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February 2, 2015

The right to education


February 2, 2015

The right to a free education for all children is still only a theoretical one in Pakistan. Our constitution makes education a guaranteed right up to the age of 16 but this is a clause observed only in the breach. Other than the perennially neglected Balochistan, nowhere is the situation worse than in Sindh, especially in its rural areas. The stark numbers were recently revealed in the Annual Status of Education Report by the Sindh Education Foundation and the Idara-e-Taleem-o-Aagahi. One-third of children between the ages of six and 16 do not attend school and the figure is even worse for children between the ages of three and six, out of whom 63 percent are not receiving any schooling. The country has long had a gender divide in education too as girls, even if they receive primary schooling, are usually pulled out of school early. This is why less than 10 percent of public schools in Sindh offer secondary education. The fault lies not just in a society that is yet to understand the importance of educating women but a provincial government and bureaucracy that is content in letting things be as they are rather than making the effort to enrol more girls and provide the opportunities that would make this education financially feasible.
Equally distressing is the shift in enrolment away from public to private schools. The report says that the percentage of students now in private schools is 17 percent, a stunning increase of seven percentage points in the last year. This trend is both worrying and understandable. There is already a problem of ‘ghost’ schools which exist only on paper; on top of that the schools that are physically present are barely functional. Over 40 percent of public schools, according to the report, do not have potable water or usable bathroom facilities. The idea that a school should provide students with a hot meal, something they may not get at home, seems not to exist. This explains why parents are increasingly choosing private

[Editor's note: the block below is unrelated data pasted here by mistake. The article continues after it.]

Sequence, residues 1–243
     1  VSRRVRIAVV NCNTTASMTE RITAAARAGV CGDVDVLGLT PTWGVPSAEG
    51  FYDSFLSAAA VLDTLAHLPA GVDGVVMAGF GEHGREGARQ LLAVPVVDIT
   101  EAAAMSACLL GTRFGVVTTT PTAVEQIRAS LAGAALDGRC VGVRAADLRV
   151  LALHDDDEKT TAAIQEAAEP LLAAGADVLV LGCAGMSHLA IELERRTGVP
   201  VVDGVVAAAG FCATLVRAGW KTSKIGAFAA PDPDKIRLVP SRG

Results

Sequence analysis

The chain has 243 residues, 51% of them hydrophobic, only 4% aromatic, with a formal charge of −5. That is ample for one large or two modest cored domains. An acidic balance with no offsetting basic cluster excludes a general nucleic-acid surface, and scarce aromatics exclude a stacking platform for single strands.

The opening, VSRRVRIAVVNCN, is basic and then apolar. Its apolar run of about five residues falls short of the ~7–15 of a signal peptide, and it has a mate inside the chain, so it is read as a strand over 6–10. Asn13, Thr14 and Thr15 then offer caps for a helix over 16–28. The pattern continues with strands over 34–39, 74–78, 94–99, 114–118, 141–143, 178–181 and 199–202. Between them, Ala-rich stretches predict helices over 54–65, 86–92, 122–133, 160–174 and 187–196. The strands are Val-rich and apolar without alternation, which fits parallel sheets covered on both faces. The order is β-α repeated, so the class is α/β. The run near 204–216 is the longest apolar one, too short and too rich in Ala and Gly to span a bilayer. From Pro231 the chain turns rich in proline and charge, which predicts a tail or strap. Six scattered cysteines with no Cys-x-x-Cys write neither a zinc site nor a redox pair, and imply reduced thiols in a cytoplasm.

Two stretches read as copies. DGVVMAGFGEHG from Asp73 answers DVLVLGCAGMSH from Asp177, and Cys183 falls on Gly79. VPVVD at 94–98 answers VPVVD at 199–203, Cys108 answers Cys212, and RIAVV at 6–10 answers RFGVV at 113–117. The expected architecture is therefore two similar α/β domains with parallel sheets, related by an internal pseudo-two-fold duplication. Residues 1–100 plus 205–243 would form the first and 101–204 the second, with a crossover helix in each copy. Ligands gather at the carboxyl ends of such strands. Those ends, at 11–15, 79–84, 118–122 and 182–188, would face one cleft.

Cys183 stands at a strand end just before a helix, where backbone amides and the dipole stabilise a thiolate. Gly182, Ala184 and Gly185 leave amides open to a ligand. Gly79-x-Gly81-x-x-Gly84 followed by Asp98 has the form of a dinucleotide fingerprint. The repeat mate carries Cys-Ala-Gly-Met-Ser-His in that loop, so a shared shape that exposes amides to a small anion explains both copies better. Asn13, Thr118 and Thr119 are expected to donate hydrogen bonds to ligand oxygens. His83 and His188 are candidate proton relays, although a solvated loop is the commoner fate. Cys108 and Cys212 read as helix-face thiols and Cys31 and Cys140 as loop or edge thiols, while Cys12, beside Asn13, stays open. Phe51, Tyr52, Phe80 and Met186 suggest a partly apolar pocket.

schools, which come with a host of problems of their own. Many private schools are solely money-making ventures that tend to charge exorbitant fees for substandard education. What the government, in Sindh and the rest of the country, needs to realise is that education cannot be treated like any other commodity which the private sector can provide in a more efficient manner. The profit motive should not be a factor when it comes to public services which will determine the future of our country.

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